These set-one CCTs are primarily intended for use for intra-EU transfers or other transfers to data processors where Set Two SCCs are not required. As we have seen in the recent past with the entry into force of the GDPR and the California Consumer Privacy Act (CCPA), the introduction of new requirements and the implementation of data protection regulations in various contractual relationships can take a long time. For more information on the new CCAs, compliance or other questions on this topic, please contact the authors or Mark Melodia, Chair of Holland & Knight`s Data Strategy, Security and Privacy team. The new standard contractual clauses require companies to provide employees with more information about data transfers than before under the GDPR. “Multinational employers with employees in the EU may need to review and redistribute the data processing notices they have previously provided to employees,” Gordon confirmed. The implications of the adoption of these standard contractual clauses by the European Commission are different for the two scenarios. These decisions aim to provide companies with more comprehensive contractual tools that they can implement before processing or transferring personal data from the EEA in accordance with the new requirements of the GDPR. Unlike the old CCT, which only applied to controller-to-controller (“C2C”) and controller-to-processor (“C2P”) transfers outside the EEA, the new SCCs include various modules that the parties can select and complete depending on the circumstances of the transfer (C2C, C2P, P2P and P2C).
In addition, the new CLAs that apply to the transfer of personal data outside the EEA take into account the judgment of the Court of Justice of the European Union (“CJEU”) of 16 July 2020 in the Schrems II case. In this article, we will explain what CLAs are, why you need them, and how to use them. We`ll also discuss some of the additional safeguards you may need to implement as a result of recent legal developments. Standard Contractual Clauses (SCCs) are an important means of ensuring the legal and secure transfer of personal data from the European Economic Area (EEA) to “third countries” (non-EEA countries). The European Commission may decide that the standard contractual clauses provide sufficient safeguards for data protection so that data can be transferred internationally. The European Centre for Digital Rights (led by the person who filed the Schrems II case, Max Schrems himself) has produced guidance on what companies should do if they want to continue using CSCs to transfer personal data from the EEA to the US. The new CLAs have a modular structure of clauses that data exporters will use depending on the nature of their roles and responsibilities with regard to the transfer of data in question: on the one hand, the standard contractual clauses for data protection authorities aim to provide an optional set of clauses that controllers and processors use to perform contracts in accordance with Article 28 of the GDPR power. However, each data protection authority is directly subject to Article 28 of the GDPR and does not require the use of clauses approved by the European Commission or EU supervisory authorities to be valid. In addition, many supervisory authorities have published and published similar DPA templates in order to provide guidance to controllers and processors.  However, the standard contractual clauses for data protection authorities adopted by the European Commission may offer additional convenience to companies and organisations involved in the cross-border processing of personal data that cannot rely on the guidelines of their (lead) supervisory authority.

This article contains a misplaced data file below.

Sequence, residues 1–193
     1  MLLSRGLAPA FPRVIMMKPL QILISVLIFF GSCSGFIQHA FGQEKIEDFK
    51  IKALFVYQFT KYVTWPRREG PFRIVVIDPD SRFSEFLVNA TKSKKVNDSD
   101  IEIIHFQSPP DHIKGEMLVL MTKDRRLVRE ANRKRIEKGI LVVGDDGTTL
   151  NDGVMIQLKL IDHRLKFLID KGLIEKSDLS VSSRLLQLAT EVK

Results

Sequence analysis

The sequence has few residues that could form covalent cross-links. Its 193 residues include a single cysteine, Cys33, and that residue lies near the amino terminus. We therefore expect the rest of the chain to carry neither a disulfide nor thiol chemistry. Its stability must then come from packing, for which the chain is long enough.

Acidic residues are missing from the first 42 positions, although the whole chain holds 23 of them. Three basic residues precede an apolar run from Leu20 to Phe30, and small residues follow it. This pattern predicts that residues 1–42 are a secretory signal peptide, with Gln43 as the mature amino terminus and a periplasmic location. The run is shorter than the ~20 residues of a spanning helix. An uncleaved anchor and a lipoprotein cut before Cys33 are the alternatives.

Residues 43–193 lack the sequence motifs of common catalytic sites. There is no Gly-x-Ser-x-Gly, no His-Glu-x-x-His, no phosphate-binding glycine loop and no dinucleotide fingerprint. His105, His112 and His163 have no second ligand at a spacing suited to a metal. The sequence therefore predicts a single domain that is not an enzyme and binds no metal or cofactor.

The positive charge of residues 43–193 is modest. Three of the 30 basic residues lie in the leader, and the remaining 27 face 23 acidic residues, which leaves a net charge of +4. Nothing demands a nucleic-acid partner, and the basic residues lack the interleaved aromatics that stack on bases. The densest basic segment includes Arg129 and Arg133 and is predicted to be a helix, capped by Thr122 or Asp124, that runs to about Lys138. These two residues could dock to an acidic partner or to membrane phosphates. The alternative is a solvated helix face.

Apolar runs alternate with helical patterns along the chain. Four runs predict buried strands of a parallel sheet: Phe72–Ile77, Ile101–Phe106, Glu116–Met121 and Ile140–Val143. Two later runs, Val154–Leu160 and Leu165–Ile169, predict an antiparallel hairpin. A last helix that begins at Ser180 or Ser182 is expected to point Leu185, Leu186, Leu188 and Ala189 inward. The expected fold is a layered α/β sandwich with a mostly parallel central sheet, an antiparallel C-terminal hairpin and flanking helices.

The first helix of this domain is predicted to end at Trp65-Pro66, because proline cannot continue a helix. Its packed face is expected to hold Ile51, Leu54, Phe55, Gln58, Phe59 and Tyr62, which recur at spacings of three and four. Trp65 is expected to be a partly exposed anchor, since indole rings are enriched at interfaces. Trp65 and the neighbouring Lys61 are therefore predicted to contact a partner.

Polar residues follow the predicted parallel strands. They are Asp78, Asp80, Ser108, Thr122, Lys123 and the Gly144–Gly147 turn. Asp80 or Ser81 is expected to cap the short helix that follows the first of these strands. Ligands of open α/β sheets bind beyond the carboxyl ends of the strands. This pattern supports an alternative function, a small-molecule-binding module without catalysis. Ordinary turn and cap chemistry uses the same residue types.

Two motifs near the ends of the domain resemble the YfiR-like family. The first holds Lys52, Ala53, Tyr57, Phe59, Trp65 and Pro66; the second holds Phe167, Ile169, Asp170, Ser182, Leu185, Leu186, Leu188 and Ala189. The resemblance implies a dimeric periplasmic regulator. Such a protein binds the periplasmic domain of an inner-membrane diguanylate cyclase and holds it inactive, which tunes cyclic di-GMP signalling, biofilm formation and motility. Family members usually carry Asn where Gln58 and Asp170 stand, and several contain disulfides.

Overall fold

Under the new CBAs, the European Commission has adopted a single set of clauses in a contract comprising three types of provisions: (i) fixed clauses that must remain unchanged regardless of the parties implementing the new CLAs; (ii) the modules to be added/removed from the final contract, depending on the parties performing the new CLCs (C2C, C2P, P2C and P2P) and their choice from the available options; and (iii) empty clauses and annexes to be filled in and filled in by the parties with the relevant information (e.B. categories of data transmitted, data subjects, etc.). The use of these standard contractual clauses for data protection authorities will give controllers and processors a certain additional degree of security with regard to their compliance with Article 28 of the GDPR, in particular vis-à-vis supervisory authorities or national courts in the event of a dispute. Although data protection authorities that do not comply with the standard contractual clauses of the European Commission or supervisory authorities are not illegal per se, they should be subject to scrutiny if they are the subject of disputes or if they are in the sights of the authorities. As expected, the updated CLCs also include strong protection for those affected. The general responsibilities of the data exporter under the GDPR include providing data subjects with information about the intention to transfer their personal data, including the categories of personal data processed, the right to obtain a copy of the Standard Contractual Clauses and any disclosure. .